It does have a weak AA filter, however other lenses haven't been able to induce it. Maybe you can find some examples of moire on the OM-D? The only other lens I recall is the PL25 1.4

Why do you think macro lenses aren't generally sharp at infinity?


That's what I've read. Most photography books say that.


Which photography books?


I don't remember now as this was a long time ago.



Jman13
Registered: May 02, 2005
Total Posts: 10795
Country: United States

Some more shots from today. I tested a little more at infinity (though these aren't representative)...it's very sharp at infinity, but I do think there's a little field curvature at infinity (doesn't show up closer up).

Anyway, loved the lens out today. Weathersealing on lens and body came in handy, as these were all taken after a rain, and there were a few times the wind blew and dropped big fat drops of water all over the camera and lens. No problems.































And who says you can't shoot small birds with a macro lens? (This is a tight crop, but I was able to get quite close):






100% crop:






flashinm
Registered: Aug 23, 2010
Total Posts: 375
Country: N/A

Beautiful pictures. Looks like another real gem in the m4/3s lineup.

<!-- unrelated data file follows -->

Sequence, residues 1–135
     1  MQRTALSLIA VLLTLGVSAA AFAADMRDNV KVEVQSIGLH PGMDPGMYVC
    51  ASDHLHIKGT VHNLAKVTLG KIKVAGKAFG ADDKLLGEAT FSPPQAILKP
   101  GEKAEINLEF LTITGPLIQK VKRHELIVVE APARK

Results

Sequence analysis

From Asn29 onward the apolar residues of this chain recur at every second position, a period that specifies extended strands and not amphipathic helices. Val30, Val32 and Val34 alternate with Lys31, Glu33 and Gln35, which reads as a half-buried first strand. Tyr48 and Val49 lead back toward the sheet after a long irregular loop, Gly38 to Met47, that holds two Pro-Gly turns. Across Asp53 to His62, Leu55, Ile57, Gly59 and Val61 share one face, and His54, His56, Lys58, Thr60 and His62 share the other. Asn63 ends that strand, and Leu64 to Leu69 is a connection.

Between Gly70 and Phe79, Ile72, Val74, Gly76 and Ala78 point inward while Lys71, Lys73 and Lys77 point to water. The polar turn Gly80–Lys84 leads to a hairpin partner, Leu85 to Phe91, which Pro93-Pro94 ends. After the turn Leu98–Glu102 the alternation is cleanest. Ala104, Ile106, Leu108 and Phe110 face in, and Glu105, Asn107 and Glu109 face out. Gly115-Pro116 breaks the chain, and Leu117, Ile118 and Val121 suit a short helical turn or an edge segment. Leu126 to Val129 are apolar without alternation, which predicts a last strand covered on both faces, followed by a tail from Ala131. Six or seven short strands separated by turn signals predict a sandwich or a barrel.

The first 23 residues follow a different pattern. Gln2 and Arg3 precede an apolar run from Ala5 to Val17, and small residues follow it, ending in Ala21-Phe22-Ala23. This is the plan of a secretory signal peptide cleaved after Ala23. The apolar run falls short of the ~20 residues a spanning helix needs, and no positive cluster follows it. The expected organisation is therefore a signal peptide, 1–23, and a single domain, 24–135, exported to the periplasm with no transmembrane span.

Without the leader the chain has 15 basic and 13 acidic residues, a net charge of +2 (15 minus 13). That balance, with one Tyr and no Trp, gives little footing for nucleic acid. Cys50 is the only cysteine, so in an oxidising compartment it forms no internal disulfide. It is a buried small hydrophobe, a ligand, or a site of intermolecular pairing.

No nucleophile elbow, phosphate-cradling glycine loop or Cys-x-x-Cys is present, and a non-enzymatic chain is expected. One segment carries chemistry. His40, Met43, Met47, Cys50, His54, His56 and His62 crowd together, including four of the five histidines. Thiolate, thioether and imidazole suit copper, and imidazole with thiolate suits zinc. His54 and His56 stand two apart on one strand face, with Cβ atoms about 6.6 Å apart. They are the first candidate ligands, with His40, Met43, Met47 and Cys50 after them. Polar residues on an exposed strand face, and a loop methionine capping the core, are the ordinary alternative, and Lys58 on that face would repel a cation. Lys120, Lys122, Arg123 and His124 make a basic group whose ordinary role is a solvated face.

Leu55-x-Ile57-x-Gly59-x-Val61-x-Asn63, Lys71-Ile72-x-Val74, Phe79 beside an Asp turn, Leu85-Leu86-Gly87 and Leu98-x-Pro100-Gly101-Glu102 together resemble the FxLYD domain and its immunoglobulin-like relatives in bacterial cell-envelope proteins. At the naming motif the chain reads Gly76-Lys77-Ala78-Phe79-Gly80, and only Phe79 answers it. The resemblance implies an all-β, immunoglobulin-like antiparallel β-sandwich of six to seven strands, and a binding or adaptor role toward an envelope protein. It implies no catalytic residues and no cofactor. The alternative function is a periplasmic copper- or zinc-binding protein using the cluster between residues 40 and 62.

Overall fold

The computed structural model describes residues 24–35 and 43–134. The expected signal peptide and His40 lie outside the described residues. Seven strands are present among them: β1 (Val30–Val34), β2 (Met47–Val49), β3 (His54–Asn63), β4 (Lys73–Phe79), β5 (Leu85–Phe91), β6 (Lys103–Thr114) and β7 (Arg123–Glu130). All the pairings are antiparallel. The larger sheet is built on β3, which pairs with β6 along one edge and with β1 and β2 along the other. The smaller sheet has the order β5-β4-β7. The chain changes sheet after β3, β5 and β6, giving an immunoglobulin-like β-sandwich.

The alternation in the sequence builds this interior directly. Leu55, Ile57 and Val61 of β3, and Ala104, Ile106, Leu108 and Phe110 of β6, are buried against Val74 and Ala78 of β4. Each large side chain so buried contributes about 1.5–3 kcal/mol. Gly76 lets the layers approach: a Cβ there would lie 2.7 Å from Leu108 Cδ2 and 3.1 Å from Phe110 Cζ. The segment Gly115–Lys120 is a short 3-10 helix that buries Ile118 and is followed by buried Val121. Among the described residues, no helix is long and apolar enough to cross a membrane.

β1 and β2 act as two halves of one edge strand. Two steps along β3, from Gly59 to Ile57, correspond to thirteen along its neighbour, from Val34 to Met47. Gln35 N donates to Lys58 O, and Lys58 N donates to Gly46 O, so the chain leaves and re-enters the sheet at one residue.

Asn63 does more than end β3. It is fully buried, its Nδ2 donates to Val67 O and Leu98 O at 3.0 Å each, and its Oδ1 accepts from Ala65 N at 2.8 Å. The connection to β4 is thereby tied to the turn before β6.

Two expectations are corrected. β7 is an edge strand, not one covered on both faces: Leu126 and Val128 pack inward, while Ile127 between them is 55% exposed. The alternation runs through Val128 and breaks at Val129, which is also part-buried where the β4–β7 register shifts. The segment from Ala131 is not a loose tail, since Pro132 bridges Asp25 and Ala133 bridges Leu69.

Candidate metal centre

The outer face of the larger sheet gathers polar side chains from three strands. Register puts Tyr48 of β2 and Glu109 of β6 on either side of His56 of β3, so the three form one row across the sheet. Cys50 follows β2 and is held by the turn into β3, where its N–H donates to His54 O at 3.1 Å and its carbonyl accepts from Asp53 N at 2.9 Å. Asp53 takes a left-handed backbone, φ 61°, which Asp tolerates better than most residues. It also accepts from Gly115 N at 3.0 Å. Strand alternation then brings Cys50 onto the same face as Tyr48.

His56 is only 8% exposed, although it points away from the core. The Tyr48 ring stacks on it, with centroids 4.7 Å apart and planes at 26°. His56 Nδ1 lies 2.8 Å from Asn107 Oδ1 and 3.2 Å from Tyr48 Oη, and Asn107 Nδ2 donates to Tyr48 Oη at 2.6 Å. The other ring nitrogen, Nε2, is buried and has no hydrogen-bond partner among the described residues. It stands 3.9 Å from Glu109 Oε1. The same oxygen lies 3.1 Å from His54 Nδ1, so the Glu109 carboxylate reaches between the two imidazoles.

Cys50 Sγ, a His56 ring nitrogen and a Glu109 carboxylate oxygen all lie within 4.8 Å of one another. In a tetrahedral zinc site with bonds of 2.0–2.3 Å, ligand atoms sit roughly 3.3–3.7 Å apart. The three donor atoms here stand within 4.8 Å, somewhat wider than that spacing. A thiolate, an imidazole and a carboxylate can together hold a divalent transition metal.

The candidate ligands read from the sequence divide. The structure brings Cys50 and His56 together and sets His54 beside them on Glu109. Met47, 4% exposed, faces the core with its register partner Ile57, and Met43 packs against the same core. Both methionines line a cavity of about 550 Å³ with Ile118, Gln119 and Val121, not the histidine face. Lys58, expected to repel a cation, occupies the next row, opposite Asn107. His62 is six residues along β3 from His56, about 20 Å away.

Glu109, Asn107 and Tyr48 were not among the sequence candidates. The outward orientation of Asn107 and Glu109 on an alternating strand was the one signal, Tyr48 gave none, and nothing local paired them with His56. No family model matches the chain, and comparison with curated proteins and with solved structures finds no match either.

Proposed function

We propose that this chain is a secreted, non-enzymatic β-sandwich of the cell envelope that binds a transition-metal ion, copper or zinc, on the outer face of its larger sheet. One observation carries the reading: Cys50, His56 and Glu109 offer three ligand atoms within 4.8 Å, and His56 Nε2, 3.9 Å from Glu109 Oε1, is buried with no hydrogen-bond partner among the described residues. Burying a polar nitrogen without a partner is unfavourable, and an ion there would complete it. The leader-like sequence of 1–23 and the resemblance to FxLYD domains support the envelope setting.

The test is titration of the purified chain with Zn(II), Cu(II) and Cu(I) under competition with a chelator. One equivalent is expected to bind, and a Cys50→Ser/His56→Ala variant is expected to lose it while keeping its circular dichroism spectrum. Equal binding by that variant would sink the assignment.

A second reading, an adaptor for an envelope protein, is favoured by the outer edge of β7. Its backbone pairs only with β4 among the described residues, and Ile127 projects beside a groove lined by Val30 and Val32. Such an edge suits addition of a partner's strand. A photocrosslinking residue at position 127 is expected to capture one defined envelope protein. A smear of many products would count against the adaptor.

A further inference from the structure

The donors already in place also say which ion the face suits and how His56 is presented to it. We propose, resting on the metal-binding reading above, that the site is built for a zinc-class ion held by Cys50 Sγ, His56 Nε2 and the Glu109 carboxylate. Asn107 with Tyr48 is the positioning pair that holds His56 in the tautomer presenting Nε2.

jcw1982
Registered: Sep 14, 2005
Total Posts: 1548
Country: United States

For anyone interested Roger over at LensRentals has posted some comparison tests of the Oly 60 and the Panny 45 macros.

Good information as always.



FlyPenFly
Registered: Feb 14, 2011
Total Posts: 6455
Country: United States

Jordan of the pictures you post I like your macro photos the best.



Gunzorro
Registered: Aug 28, 2010
Total Posts: 6768
Country: United States

bobbytan wrote:
FlyPenFly wrote:
bobbytan wrote:
FlyPenFly wrote:
It does have a weak AA filter, however other lenses haven't been able to induce it. Maybe you can find some examples of moire on the OM-D? The only other lens I recall is the PL25 1.4

Why do you think macro lenses aren't generally sharp at infinity?


That's what I've read. Most photography books say that.


Which photography books?


I don't remember now as this was a long time ago.


Bobby -- Well, yes, a long time ago, like in the early 60s (and used into and 70s), most macro and close-up lenses were optimized for copy work -- close up flat field, and weren't so great for general shooting.

But since then, the rule has been sharp from close-up to infinity. Outstanding examples from the 70s are the Nikon AI 55/3.5 and the Canon FD 50/3.5 -- among others. These days, if you want stellar results at all distances, look to lenses like Canon 100L and Nikon's 105, again, among many others.

You might want to preface your remarks like this, "According to older theories. . . " keeping out of hot water!

Personally, I look to TS-E and macro lenses for outstanding details and overall shooting. The Leica R 60/2.8 is one of my favorites, and that comes from the late 60s-70s period of development, while the "experts" were busy writing what they knew from the preceding era.